Act 1: Alliterative Definitions (w/ character & theme)
- Everyone writes a type of relation (one word like father, son, uncle, teacher, boss) on a small piece of paper. All of these go into a pile.
- Everyone writes an adjective that implies tension (e.g. violent, traitorous, manipulative, dying) on a small piece of paper. All of these go into a pile separate from the relation pile.
- Everyone draws one of each (one relation paper and one adjective paper). They hold onto these papers for the entire exercise, these are never traded. These are the focus of their pome. They write as though addressing or speaking of their relation directly. For example, if they draw uncle, the pomist writes the story, ‘My uncle…’ or something similarly intimate. This is their subject of the story. The narrator and the subject are the two main characters. The adjective they drew is their theme, tone, or quality of relationship. This is written on a large piece of paper that is kept throughout the night until performance.
- Every poet writes a 1-4 alliterative phrase on a small piece of paper and passes this small piece to the left (1st round: one to the left; 2nd: one to the right; 3rd: directly across from you; 4th: two to the right, etc.). This words on this small piece of paper are the start of the pome. If I drew the alliterative phrase, “Slimy sacrosanct saints,” I begin my pome, “Slimy sacrosanct saints:” adding the colon and writing a few sentences about my characters and theme, somehow engaging the content of this alliterative phrase. The next round another alliterative phrase is written and passed. So every line of this pome begins with an alliterative phrase. For example, if I drew ‘uncle’ and ‘manipulative’ I will write a line for every alliterative phrase I receive. It will look like this:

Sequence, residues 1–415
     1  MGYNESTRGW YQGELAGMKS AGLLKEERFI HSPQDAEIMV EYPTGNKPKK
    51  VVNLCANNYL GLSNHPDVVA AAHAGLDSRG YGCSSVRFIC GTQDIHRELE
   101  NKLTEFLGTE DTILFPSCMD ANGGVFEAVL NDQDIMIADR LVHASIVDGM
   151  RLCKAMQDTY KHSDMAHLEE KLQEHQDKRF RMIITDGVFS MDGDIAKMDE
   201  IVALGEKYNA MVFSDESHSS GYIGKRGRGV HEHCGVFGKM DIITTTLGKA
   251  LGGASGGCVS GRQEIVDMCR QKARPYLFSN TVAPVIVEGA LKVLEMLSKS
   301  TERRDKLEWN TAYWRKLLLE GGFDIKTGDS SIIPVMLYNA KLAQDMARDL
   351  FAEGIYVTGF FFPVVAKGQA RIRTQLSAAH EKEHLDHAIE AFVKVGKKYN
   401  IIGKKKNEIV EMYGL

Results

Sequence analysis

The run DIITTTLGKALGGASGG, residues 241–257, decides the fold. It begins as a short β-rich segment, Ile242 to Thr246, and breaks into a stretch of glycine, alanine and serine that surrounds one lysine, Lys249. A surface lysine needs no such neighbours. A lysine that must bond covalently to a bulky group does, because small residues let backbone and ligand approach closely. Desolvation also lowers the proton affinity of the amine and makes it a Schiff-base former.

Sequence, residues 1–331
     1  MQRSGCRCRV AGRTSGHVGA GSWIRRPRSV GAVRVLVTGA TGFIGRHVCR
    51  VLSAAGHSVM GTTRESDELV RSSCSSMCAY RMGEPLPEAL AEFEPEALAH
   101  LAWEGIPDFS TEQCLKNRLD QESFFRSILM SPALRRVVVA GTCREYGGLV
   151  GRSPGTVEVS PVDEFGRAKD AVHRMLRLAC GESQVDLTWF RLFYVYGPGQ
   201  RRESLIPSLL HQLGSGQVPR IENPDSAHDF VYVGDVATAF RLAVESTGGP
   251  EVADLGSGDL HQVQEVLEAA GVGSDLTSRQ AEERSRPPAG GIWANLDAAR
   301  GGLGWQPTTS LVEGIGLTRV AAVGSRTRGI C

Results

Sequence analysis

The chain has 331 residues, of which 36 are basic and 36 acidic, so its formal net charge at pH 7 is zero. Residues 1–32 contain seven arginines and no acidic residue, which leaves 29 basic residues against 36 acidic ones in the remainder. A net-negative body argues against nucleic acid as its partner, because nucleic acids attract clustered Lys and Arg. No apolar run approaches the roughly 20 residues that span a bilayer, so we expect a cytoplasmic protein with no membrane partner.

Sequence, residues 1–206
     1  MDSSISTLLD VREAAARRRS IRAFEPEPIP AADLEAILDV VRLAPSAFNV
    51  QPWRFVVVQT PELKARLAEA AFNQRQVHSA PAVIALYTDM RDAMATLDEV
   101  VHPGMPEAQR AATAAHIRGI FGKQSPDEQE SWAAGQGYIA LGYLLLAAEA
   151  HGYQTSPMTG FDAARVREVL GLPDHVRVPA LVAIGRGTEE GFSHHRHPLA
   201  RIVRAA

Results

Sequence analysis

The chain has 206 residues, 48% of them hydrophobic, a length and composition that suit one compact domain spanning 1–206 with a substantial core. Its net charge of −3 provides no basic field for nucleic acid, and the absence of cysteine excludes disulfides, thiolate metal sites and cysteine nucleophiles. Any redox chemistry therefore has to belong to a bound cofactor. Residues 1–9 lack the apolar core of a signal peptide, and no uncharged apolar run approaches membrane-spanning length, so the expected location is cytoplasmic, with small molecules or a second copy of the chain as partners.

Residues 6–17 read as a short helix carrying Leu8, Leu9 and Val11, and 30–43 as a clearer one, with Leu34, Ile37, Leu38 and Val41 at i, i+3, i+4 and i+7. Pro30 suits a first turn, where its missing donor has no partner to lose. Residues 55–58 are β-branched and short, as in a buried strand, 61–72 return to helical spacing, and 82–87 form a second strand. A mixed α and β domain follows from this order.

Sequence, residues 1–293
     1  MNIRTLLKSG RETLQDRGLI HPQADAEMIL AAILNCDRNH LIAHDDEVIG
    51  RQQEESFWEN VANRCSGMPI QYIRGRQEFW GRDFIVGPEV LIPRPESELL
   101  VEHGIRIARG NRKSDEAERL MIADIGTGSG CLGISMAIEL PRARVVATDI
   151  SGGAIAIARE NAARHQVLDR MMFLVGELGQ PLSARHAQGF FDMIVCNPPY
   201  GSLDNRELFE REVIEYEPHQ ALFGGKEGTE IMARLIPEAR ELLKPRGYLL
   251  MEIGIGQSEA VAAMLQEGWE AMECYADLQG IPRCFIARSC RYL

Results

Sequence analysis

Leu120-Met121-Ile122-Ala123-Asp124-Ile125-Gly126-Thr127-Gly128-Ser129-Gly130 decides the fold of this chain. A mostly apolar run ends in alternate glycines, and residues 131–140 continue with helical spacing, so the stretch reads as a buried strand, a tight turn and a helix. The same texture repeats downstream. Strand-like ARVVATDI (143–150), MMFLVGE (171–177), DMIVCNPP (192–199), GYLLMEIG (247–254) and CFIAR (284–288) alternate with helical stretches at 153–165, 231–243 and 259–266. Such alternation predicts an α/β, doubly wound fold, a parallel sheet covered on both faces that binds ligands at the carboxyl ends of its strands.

Slimy sacrosanct saints: my uncle is slimy but he suffers like a saint, but he only wants sympathy so he’ll inherit the most money.
Gangrenous gorilla: my uncle lost many of his limbs but he’s still arranging the family to his best advantage.
Maladapt Malapropos Magmar: my uncle was burned near a volcano on his trip to Hawaii when he was trying to outsmart me, making me feel bad about him so I’d massage oil into his wounds later.
Act 2: My Night at the Philosophy Museum
Each pomist was given a brief description of a philosophical idea typed up. They were asked to team up (two people to one idea) and design a county fair or carnival like attraction to express the idea. Write a pome to pitch the idea as a carny would, ‘Step right up,’ and explain to us the game and its significance to the idea as well as to our lives.
Act 3: Big Philosophical Questions—Exquisite Corpse
A modified exquisite corpse so you always see the preceding line, but no lines before it. An A-B pattern repeated. A: [big philosophical question, e.g. Is there a God?] B:
Act 4: The Treasures at Buckingham Palace
Every pomist thinks of one treasure they think Ben contributed to the world (for instance, Buckingham’s great smile) then they translate this (or veil it) into a treasure.